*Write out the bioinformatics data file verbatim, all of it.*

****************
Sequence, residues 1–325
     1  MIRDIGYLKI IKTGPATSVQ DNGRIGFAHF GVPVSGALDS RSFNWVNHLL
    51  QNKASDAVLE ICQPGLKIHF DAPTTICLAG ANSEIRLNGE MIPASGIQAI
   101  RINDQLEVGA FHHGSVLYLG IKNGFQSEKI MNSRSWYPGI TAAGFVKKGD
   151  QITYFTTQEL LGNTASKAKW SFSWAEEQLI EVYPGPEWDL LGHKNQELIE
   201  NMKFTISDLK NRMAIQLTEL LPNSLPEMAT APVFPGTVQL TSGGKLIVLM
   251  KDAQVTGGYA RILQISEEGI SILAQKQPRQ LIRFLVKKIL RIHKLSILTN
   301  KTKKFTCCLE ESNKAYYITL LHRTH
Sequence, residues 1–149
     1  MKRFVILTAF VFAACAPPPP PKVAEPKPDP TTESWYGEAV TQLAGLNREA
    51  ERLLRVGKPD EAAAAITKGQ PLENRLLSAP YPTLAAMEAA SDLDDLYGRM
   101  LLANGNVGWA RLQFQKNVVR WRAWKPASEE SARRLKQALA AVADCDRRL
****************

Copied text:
Sequence, residues 1–325
     1  MIRDIGYLKI IKTGPATSVQ DNGRIGFAHF GVPVSGALDS RSFNWVNHLL
    51  QNKASDAVLE ICQPGLKIHF DAPTTICLAG ANSEIRLNGE MIPASGIQAI
   101  RINDQLEVGA FHHGSVLYLG IKNGFQSEKI MNSRSWYPGI TAAGFVKKGD
   151  QITYFTTQEL LGNTASKAKW SFSWAEEQLI EVYPGPEWDL LGHKNQELIE
   201  NMKFTISDLK NRMAIQLTEL LPNSLPEMAT APVFPGTVQL TSGGKLIVLM
   251  KDAQVTGGYA RILQISEEGI SILAQKQPRQ LIRFLVKKIL RIHKLSILTN
   301  KTKKFTCCLE ESNKAYYITL LHRTH
Sequence, residues 1–149
     1  MKRFVILTAF VFAACAPPPP PKVAEPKPDP TTESWYGEAV TQLAGLNREA
    51  ERLLRVGKPD EAAAAITKGQ PLENRLLSAP YPTLAAMEAA SDLDDLYGRM
   101  LLANGNVGWA RLQFQKNVVR WRAWKPASEE SARRLKQALA AVADCDRRL